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Coronary artery bypass - Alternatives to heart bypass

NHS Choices Medical Reference

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The most common surgical alternative to a coronary artery bypass graft (CABG) is a

coronary angioplasty


Coronary angioplasty

During a coronary angioplasty, a long, flexible hollow plastic tube called a catheter (about the width of the lead in a pencil) is inserted into a blood vessel, either in your groin or your arm.

The tip of the catheter is guided under X-ray to the arteries that supply your heart, to the point where the narrowing of the artery has occurred.

A balloon attached to the catheter is then inflated to widen the artery and a small metal tube called a stent is often used to help keep the artery open.

Complications of a coronary angioplasty are uncommon, but can be serious and include:

  • heart attack, which is estimated to occur in 1 in 100 cases
  • stroke, which is estimated to occur in 1 in 200 cases
  • excessive bleeding after the operation, which is estimated to occur in 1 in 200 cases and requires a blood transfusion
  • death, which is estimated to occur in 1 in 500 cases

A coronary angioplasty may not be recommended if multiple coronary arteries have become blocked and narrowed. It may also not be technically possible if the anatomy of the blood vessels near your heart is abnormal.

CABG or coronary angioplasty?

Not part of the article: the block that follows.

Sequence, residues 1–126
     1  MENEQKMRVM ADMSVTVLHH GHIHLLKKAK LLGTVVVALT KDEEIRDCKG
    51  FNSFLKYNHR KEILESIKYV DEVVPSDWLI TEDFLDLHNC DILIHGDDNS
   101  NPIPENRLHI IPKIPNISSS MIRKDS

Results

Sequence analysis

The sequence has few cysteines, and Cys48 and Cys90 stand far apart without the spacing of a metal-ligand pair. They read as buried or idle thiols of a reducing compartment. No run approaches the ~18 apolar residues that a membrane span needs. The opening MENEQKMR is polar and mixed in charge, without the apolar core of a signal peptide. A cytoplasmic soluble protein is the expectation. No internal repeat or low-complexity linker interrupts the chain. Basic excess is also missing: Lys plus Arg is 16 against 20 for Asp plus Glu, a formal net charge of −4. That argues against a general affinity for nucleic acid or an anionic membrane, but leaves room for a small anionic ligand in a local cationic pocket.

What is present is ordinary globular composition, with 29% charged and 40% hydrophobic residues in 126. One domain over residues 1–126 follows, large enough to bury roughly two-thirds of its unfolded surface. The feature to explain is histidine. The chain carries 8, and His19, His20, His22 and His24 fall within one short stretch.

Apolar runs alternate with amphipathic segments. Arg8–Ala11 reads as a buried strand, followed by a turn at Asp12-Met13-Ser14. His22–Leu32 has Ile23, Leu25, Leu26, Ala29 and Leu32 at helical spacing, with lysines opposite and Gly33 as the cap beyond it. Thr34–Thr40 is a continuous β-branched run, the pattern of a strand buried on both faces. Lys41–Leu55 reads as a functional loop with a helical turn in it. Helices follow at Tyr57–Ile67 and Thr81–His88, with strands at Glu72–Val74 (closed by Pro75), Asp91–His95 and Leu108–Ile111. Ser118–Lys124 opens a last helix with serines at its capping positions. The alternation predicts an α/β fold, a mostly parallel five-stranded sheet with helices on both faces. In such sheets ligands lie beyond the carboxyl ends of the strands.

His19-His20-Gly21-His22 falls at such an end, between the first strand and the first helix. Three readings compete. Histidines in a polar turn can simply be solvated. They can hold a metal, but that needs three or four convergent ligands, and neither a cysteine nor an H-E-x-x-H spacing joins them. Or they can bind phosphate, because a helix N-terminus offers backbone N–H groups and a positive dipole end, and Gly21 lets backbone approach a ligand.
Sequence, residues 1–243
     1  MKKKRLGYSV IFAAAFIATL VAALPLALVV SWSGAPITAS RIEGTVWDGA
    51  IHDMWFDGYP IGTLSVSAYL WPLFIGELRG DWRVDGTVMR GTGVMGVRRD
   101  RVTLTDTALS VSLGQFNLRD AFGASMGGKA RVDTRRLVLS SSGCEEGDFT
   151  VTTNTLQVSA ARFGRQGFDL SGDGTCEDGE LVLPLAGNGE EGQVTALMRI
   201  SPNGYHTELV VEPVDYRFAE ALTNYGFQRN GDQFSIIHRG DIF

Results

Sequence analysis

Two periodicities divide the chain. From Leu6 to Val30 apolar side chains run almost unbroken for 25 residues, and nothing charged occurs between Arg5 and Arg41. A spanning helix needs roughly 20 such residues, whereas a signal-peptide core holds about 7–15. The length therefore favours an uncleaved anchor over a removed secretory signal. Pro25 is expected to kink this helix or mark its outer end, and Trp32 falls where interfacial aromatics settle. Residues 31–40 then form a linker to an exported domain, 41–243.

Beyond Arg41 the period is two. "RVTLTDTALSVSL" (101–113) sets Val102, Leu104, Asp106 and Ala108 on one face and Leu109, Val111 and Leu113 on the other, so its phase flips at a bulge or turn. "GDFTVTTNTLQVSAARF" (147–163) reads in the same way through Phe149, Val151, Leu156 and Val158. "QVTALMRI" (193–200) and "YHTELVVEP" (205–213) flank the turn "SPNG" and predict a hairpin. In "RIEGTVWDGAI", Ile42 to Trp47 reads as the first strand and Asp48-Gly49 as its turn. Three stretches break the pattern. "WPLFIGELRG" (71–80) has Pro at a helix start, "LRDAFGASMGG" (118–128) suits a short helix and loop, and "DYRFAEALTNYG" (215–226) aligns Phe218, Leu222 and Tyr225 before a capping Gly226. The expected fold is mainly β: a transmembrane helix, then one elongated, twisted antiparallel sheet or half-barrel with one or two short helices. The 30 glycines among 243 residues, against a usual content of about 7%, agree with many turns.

If you are able to choose between having a coronary angioplasty or a CABG, be aware of the advantages and disadvantages of each technique.

As a coronary angioplasty is non-invasive, you will recover from the operation quicker than you would from a CABG. Angioplasty also has a lower complication rate.

Research has shown that one person in four who has a coronary angioplasty requires further surgery because the widened artery narrows again. However, the number of people who need further surgery will probably fall sharply in the future due to the use of new stents that slowly release a medication that helps prevent the artery from narrowing again.

CABG has a longer recovery time than coronary angioplasty and a higher complication rate. However, only one person in 10 who has a CABG requires further surgery.

Also, research published in 2009 found that CABG is usually a more effective treatment option for people who are over 65 years old and for those with diabetes.

Discuss the benefits and risks of both types of surgery with your surgical team.

Medical Review: April 20, 2012
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